Fan Films

Spotlight on Shorts: ‘Truth in Journalism’

How could I do the name of this blog justice if I didn’t do at least one Spider-Man related film.

“Truth in Journalism,” directed by Joe Lynch, follows one of Spidey’s most notorious villains, Eddie Brock aka. Venom. Those of you familiar with the comics know the story well enough, if not, you can get the overall story by watching Sam Raimi’s Spider-Man 3. To give you just a bit of back story on Brock, he’s an angry and envious guy who just so happens to be infested with an even angrier symbiotic organism from space. He’s got all of Spider-Man’s powers and then some, including shape shifting and the ability to manipulate his body into sharp objects.

The film follows an already defeated Brock, fired from the Daily Bugle, as he hires a film crew to rebuild his shattered reputation. They follow him as he boisterously brags about his life and career, oftentimes dodging his checkered past. Now working for a tabloid newspaper, Brock takes the film crew into the seedy underbelly of the streets, occasionally stopping a crime at his own leisurely pace. As the filming goes on, the crew becomes more and more frustrated with Brock’s lack of cooperation, focusing the film on himself and dodging the tough questions. As the crew begins to threaten backing out of the film, you can see Brock’s seething anger begin to show.

The film is an homage to the Belgium mockumentary Man Bites Dog, a dark and powerful film about a documentary crew that decides to follow a serial killer through his day-to-day routine. In it, the killer’s overbearing nature begins to manipulate the film crew, as they are pulled into his world of murder and chaos. They then begin to actually take part in the murders, becoming just like the figure they are documenting.

“Truth in Journalism” doesn’t stray too far from the formula Man Bites Dog follows. The film is also shot in black and white, with the film crew being present in most of the shots, unlike other mockumentaries like Spinal Tap, The Office, or Parks and Recreation. Brock’s personality is also much like the serial killer’s, boisterous and loud, but also very much a bully at heart. He exudes an energy that would make anyone uncomfortable, the type of person that’s always flashing a fake smile to hide his true intentions.

Some of the effects are quite interesting as well and will still manage to impress fans of the comics. At one point Brock is talking to himself in the mirror with his shirt off. He then notices the camera capturing his dialogue and shuts the door, only to immediately open it, revealing him fully clothed in a suit and tie. There are also a few hidden cuts, much like Birdman, where everything looks like it was shot in one take.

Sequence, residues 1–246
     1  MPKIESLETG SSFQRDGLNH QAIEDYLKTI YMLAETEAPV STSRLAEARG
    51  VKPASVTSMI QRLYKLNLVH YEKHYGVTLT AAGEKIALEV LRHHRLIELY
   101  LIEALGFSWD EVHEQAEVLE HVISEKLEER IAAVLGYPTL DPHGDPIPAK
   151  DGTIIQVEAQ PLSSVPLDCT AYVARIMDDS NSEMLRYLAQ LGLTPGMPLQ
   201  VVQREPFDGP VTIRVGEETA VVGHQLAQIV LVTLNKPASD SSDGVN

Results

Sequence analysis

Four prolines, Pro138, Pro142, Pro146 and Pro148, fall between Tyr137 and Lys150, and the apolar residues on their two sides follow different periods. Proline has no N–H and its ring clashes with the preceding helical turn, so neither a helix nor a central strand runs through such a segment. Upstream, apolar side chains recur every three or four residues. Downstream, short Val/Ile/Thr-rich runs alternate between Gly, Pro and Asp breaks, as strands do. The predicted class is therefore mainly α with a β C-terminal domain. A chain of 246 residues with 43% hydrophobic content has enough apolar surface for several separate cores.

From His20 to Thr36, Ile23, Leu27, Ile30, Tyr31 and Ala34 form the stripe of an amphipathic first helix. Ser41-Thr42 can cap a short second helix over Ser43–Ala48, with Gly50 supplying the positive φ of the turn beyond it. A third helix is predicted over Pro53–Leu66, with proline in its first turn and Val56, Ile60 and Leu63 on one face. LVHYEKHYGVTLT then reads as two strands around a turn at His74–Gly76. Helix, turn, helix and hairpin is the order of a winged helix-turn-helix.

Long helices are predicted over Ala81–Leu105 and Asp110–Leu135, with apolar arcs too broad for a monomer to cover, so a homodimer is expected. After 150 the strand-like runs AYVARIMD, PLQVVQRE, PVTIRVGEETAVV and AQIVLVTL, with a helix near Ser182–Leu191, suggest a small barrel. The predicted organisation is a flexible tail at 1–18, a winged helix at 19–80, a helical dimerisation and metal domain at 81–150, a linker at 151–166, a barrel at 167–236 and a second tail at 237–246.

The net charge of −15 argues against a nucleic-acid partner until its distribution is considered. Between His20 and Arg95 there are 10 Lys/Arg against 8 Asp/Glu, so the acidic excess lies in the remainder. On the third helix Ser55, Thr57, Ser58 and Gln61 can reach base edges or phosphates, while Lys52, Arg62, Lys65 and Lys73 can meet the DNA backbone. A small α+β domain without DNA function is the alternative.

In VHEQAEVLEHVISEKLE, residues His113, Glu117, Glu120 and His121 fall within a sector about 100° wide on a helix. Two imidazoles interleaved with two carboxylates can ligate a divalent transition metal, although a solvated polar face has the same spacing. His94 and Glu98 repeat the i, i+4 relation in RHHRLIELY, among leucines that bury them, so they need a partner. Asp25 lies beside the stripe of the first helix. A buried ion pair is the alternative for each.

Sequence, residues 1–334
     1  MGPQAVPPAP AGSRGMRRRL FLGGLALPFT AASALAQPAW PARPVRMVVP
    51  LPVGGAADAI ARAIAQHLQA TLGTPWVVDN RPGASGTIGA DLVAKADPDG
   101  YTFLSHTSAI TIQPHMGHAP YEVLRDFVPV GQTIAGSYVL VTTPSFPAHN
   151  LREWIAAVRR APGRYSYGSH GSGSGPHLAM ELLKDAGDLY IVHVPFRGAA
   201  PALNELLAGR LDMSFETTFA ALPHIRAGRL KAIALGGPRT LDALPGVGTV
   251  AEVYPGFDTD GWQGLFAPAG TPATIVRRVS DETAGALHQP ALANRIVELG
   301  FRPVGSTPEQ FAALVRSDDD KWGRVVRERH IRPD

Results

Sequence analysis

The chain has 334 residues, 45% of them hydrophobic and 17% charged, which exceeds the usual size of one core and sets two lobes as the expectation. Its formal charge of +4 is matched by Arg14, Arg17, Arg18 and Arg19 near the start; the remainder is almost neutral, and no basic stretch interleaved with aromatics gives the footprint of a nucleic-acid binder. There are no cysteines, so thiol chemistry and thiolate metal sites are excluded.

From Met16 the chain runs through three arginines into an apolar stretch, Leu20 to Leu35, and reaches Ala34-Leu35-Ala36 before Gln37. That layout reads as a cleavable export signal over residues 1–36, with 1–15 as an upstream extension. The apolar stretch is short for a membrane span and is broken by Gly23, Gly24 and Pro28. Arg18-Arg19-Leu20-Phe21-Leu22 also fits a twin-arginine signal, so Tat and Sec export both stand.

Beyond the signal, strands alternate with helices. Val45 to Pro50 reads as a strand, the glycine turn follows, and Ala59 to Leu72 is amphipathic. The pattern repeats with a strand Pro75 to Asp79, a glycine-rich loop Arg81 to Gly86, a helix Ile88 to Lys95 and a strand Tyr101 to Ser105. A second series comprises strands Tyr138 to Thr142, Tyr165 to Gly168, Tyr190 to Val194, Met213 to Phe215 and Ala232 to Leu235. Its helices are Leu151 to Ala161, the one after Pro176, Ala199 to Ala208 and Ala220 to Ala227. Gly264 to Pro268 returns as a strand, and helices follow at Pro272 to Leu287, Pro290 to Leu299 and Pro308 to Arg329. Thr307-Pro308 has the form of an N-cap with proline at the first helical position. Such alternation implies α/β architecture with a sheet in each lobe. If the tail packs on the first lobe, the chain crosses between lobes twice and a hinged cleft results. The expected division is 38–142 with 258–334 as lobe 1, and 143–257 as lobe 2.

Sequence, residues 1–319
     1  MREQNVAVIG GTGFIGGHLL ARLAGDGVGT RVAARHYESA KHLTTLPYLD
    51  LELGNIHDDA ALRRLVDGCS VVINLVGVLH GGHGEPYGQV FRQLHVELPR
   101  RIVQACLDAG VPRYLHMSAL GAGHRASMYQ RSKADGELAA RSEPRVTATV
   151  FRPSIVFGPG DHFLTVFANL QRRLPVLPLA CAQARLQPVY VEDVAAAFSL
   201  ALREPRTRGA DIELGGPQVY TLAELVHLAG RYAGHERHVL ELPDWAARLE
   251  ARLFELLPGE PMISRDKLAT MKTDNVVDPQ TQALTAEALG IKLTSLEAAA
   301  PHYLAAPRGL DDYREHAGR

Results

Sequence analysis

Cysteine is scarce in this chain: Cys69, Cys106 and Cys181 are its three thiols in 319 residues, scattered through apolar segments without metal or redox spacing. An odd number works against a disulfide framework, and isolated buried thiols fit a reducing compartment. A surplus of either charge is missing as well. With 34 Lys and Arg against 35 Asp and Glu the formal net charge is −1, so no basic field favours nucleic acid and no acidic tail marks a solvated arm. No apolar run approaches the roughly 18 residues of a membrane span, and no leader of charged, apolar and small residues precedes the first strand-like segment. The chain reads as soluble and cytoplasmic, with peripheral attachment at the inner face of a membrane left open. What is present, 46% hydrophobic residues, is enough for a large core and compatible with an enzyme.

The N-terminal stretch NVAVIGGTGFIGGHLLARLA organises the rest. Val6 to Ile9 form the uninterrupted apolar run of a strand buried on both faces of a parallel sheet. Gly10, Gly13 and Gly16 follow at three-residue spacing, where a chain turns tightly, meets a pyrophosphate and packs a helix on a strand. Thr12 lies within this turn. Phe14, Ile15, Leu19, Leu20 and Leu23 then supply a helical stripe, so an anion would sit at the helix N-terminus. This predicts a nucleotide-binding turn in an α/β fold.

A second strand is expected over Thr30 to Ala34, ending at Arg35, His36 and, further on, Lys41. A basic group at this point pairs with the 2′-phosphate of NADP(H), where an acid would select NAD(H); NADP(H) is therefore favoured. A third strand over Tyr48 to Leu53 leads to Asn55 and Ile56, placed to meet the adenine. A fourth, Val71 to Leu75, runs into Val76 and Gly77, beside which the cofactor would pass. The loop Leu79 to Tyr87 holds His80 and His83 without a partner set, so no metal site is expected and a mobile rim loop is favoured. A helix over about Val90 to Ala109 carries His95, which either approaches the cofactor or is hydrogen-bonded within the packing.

“Truth in Journalism” differs from Man Bites Dog in that the film crew never goes as far as to help Brock commit any crimes. In fact, true to the comics, Brock is more concerned with being a big shot and getting back at Peter Parker than he is at committing random acts of violence. Although, we can’t exactly speak for Brock’s other half.

Although the film isn’t shot like your traditional comic book movie, the film still manages to throw in a few things for fans familiar with the genre. Like all Marvel movies, you’ll want to wait until after the credits for that inevitable coda. There might even be a few cameos comic fans will recognize.

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Spotlight on Shorts: Punisher: Dirty Laundry


It’s been a kind of good last few weeks for comic book fans. Last week marked the release of Daredevil on Netflix along with, what I’m sure was, a spike in people taking sick days and pizza delivery sales. Then of course there was some extra Hulkbuster footage from Avengers: Age of Ultron and the long-awaited teaser for Superman vs. Batman (along with a leaked trailer, but you didn’t hear that from me).

Going with the trend, I’ve decided that for the rest of the month I will be devoting the Spotlight on Shorts section to comic book based fan films.

We start with “Punisher: Dirty Laundry”.

This film first screened at the 2012 San Diego Comic-Con and wowed audiences with the return of the best Frank Castle (sorry Dolph Lundgren fans), Thomas Jane. The film was produced by Adi Shankar who’s made a name for himself producing such films as the survival thriller The Grey and most recently the much talked about “Power/Rangers” fan film.

The film has what I assume all Punisher fans are looking for, a large dose of violence as the cure for criminality. Witnessing a gang of thugs terrorize a city block, Castle begins the film hesitant to don the skull again (for whatever reason), simply looking to hit up the local Laundromat, grab a Yoo-Hoo, and get back to watching the final season of Dawson’s Creek. But we all know it would be a pretty disappointing Punisher film if Frank didn’t reach his breaking point, and I mean “breaking” literally.

As a non-profit fan film, “Punisher: Dirty Laundry” can take a few liberties. The most obvious one is this film didn’t appear to have to be ok’d with Marvel as their name is nowhere on it. Secondly, the entire soundtrack was brought to you by Hans Zimmer and his work on The Dark Knight, which means Shankar managed to steal from Marvel and DC in one fell swoop.

I’m sure all you Punisher fans out there have already seen this and probably chimed in on whether or not this is a fitting film adaptation to the comic. I’ll leave that for you to discuss since the only experience I have reading The Punisher is when he shows up in Spiderman comics and when he steamrolled over Wolverine. From a film lover’s perspective I think I speak for most when I say that 2004’s The Punisher starring Thomas Jane is probably the franchise’s best and “Dirty Laundry” does a good job feeling like a sequel to that film.